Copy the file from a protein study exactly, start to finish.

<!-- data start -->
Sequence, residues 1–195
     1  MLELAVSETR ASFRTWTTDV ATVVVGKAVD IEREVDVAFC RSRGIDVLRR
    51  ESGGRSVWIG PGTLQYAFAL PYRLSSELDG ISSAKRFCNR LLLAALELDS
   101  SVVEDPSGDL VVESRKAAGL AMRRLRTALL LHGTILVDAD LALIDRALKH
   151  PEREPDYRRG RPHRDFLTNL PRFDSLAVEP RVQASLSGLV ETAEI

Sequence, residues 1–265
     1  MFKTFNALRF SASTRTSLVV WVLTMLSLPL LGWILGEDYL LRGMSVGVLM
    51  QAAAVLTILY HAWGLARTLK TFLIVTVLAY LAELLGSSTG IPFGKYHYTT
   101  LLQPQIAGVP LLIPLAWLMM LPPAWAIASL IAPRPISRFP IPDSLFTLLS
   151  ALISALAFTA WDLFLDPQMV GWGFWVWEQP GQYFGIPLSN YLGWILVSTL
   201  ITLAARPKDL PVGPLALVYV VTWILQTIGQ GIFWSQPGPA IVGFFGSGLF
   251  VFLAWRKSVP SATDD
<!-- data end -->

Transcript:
Sequence, residues 1–195
     1  MLELAVSETR ASFRTWTTDV ATVVVGKAVD IEREVDVAFC RSRGIDVLRR
    51  ESGGRSVWIG PGTLQYAFAL PYRLSSELDG ISSAKRFCNR LLLAALELDS
   101  SVVEDPSGDL VVESRKAAGL AMRRLRTALL LHGTILVDAD LALIDRALKH
   151  PEREPDYRRG RPHRDFLTNL PRFDSLAVEP RVQASLSGLV ETAEI

Sequence, residues 1–265
     1  MFKTFNALRF SASTRTSLVV WVLTMLSLPL LGWILGEDYL LRGMSVGVLM
    51  QAAAVLTILY HAWGLARTLK TFLIVTVLAY LAELLGSSTG IPFGKYHYTT
   101  LLQPQIAGVP LLIPLAWLMM LPPAWAIASL IAPRPISRFP IPDSLFTLLS
   151  ALISALAFTA WDLFLDPQMV GWGFWVWEQP GQYFGIPLSN YLGWILVSTL
   201  ITLAARPKDL PVGPLALVYV VTWILQTIGQ GIFWSQPGPA IVGFFGSGLF
   251  VFLAWRKSVP SATDD